Sir Nicholas Winton rescued 669 Jewish children from German-occupied Europe on the eve of war. To mark his 105th birthday, his daughter Barbra Winton has published a detailed account of her father’s remarkable achievements.

Here, in the first of two exclusive extracts, she reveals the lengths the great man went to save young lives. 

Above: Images of some of the 669 ‘kinder’ put up for adoption.

Images of some of the 669 ‘kinder’ put up for adoption.

With the invasion of Czechoslovakia, the urgency Nicky felt increased and he was soon writing imploring letters to be published in various papers and journals, asking people to come forward to take or sponsor children. On 4 May 1939 he wrote a letter to a newspaper with a plea to readers’ consciences:

“Dear Sir. Tales of violence and war, treaties made and broken, concentration camps and social ostracism have become so commonplace in the daily papers that the average person has completely lost his normal moral standard. A few years ago the publication of a story about a number of refugees without nationality or home who were starving in No Man’s Land, not being allowed admission by one country but being expelled by the other, would most certainly at the very least have made people stop and think.

“Now they are too inured to such tragedies even to consider how they might be able to mitigate such suffering. They are content to consider themselves as individuals without responsibility for what is going on in the world today. They hope it will all come right in the end but, in the meantime, can do nothing. The more conscientious, perhaps, dream the platitude that, if the individual were perfect, all would be perfect and go home resolved to lead good lives.

Sir Nicholas with one of the children after their arrival from Nazi-occupied Europe.

Sir Nicholas with one of the children after their arrival from Nazi-occupied Europe.

“But there is a difference between passive goodness and active goodness which is, in my opinion, the giving of one’s time and energy in the alleviation of pain and suffering. It entails going out, finding and helping those in suffering and danger and not merely leading an exemplary life, in the purely passive way of doing no wrong. And they can help to an enormous extent.

“In Bohemia and Slovakia today, there are thousands of children, some homeless and starving, mostly without nationality, but they certainly all have one thing in common: there is no future for them if they are forced to remain where they are.

“Those who left the Sudetenland after Munich are in the worst plight. Without homes, jobs, nationality or permits to reside in the country, they wander hither and thither getting charity where they can and only hoping they will not be found by the police and sent back to Germany where, at the best, a concentration camp awaits them.

“They are mostly middle-class people, doctors, teachers, journalists, civil servants, whose only crime has been their outspoken defence of democracy. Surely we owe a debt to these people who have lost all for those ideals which we are now striving to maintain.”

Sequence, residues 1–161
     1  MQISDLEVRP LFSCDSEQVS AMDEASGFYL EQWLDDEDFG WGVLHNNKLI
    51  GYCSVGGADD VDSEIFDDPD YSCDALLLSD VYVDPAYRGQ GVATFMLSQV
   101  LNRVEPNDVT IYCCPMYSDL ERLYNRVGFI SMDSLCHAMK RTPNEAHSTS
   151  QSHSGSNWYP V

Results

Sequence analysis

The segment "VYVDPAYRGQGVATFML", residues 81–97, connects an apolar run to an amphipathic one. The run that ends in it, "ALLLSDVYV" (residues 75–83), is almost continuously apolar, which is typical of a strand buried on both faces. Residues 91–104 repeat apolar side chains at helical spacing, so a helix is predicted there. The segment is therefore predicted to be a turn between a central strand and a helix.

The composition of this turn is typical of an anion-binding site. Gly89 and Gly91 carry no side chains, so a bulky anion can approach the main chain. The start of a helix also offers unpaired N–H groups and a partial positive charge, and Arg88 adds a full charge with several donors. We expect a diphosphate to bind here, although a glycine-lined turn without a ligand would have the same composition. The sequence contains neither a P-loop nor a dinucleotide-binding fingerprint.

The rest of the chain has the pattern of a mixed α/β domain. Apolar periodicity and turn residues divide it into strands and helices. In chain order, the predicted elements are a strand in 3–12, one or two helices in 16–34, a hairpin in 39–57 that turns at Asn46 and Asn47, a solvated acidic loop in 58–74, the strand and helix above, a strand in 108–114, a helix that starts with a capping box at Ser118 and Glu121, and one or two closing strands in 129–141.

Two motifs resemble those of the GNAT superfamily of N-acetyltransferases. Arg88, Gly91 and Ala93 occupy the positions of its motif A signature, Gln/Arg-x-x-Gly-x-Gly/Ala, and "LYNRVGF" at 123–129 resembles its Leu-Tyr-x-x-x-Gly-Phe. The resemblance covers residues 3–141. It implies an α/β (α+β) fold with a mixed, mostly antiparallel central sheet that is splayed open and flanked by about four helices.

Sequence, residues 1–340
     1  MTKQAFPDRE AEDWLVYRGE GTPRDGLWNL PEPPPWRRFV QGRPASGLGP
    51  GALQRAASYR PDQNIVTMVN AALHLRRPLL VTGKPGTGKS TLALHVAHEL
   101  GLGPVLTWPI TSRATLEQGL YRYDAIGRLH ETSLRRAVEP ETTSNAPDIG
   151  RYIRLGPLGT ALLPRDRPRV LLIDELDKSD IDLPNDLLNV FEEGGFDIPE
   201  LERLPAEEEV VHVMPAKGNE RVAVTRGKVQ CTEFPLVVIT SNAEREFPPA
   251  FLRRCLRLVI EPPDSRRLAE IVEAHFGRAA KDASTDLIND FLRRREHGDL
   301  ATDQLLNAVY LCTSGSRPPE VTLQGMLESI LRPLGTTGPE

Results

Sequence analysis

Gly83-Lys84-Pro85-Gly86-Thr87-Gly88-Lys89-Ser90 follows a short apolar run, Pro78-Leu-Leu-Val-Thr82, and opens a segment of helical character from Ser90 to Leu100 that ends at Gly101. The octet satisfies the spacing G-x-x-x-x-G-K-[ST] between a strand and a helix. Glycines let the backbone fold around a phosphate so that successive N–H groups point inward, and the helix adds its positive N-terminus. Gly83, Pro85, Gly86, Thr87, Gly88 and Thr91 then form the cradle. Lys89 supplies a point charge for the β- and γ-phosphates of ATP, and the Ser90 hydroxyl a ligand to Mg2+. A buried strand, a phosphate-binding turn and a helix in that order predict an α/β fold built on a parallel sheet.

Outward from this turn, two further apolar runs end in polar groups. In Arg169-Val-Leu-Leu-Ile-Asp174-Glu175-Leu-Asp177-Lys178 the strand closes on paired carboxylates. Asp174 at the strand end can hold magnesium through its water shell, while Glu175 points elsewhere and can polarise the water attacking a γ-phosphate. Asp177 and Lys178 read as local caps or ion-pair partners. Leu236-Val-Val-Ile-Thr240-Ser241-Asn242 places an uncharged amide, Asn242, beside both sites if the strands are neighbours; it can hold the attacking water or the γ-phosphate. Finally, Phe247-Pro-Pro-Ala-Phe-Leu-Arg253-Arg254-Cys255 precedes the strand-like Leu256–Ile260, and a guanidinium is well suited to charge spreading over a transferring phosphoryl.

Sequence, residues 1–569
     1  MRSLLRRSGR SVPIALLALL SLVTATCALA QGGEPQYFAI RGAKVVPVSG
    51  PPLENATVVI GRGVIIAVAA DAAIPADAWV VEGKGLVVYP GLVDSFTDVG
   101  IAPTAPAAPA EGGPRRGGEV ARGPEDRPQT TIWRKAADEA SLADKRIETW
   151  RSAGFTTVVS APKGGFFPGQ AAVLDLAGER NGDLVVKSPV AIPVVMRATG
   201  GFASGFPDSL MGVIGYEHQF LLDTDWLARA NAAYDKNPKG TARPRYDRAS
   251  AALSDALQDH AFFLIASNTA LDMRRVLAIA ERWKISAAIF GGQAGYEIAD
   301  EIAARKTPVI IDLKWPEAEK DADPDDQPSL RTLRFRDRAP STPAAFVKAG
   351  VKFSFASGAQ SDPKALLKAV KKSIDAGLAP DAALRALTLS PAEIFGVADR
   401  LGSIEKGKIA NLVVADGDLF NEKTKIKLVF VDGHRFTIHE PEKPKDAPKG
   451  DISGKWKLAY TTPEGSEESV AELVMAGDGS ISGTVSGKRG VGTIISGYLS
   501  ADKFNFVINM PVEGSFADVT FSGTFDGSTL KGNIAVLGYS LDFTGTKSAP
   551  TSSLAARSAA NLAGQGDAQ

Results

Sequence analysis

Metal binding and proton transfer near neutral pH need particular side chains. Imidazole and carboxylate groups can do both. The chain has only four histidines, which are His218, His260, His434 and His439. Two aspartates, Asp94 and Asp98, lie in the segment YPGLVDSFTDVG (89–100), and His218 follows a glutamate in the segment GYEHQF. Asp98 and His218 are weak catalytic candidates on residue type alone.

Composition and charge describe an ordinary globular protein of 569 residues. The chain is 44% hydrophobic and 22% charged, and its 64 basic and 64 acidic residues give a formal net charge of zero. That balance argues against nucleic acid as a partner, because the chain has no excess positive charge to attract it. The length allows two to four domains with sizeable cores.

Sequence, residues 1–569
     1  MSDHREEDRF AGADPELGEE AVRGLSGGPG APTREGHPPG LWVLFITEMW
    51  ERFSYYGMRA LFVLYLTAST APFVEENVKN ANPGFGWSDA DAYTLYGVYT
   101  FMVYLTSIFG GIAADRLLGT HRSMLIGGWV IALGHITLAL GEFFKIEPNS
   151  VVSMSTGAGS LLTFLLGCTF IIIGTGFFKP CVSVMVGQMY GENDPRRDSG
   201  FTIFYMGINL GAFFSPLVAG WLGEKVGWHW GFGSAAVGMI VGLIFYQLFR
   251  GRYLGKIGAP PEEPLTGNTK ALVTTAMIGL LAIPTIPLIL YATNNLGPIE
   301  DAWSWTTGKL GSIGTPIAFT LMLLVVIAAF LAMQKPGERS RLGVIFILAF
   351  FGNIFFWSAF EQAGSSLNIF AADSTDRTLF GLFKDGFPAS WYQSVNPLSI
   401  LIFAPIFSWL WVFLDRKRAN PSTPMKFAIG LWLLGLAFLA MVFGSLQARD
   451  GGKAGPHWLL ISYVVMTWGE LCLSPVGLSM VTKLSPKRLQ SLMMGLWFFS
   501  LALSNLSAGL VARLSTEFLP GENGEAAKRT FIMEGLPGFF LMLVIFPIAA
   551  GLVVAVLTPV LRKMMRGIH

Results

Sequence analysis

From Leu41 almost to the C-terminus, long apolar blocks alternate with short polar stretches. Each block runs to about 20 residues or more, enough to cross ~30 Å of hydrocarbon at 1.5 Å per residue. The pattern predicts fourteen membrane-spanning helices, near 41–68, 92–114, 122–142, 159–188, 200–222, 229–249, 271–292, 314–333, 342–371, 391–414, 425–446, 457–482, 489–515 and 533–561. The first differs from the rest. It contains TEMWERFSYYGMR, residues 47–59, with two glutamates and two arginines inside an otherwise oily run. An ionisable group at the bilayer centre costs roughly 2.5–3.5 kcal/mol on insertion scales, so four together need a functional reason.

He goes on to ask people to foster or sponsor or donate money towards the sponsorship of the refugee children and ends:

“Help to save the children of this courageous and desperately unfortunate people whose self-sacrifice has been our gain.”

These pleas and articles written by Nicky and others, such as the Reverend Rosalind Lee of the Unitarian Church, brought in hundreds of offers of help through the spring and summer. However, they had thousands on their list and only hundreds coming into Britain.

Sir Nicholas’ mother, Barbra

Sir Nicholas’ mother, Barbra

In the hope of getting a much larger number out, Nicky resorted to writing to America: to the President of the American Jewish Congress, the Governor of New York, the Senator for New York and even the President of the USA himself.

The replies he got to all these were much the same: a Bill was going through the Senate to allow more refugees into the USA and nothing could be done until it was enacted which was hoped to be soon; the recipient was unable to help, but had passed the letter on to others more involved in the field, etc, etc.

But it was all too late; no Bill was passed in time to take in any children. Articles put into a magazine, The Picture Post, with photos of some of the children drew big responses. A packed letters page torn from the magazine and put into the scrapbook is full of heartfelt notes from people offering homes to some of the pictured children.

However, not everyone was happy with Nicky’s business-like methods of obtaining homes for the mostly Jewish children. One day some rabbis arrived at Willow Road to complain to him about Jewish children going to Christian homes, or even worse, to the Barbican Mission home.

Nicky, in calmer moments, understood their concerns, but just then with the urgency at its peak, he was not conciliatory. He told them forcefully that he would not stop placing children wherever he could. If they preferred a dead Jewish child to a converted one, that was their problem.

He had, however, in a February report commented: “It may not be generally known that although Munich is four months back, only 25 children have been brought out of Czechoslovakia. These were brought out under conditions which are not even acceptable to a large section of the British public, in so far that an undertaking had to be given, if they were Jewish, that they should be baptised.”

He was therefore not unaware of the religious sensitivities involved.

If it’s Not Impossible… The Life of Sir Nicholas Winton by Barbara Winton (Troubador Books) is on sale from 19 May, £12.99.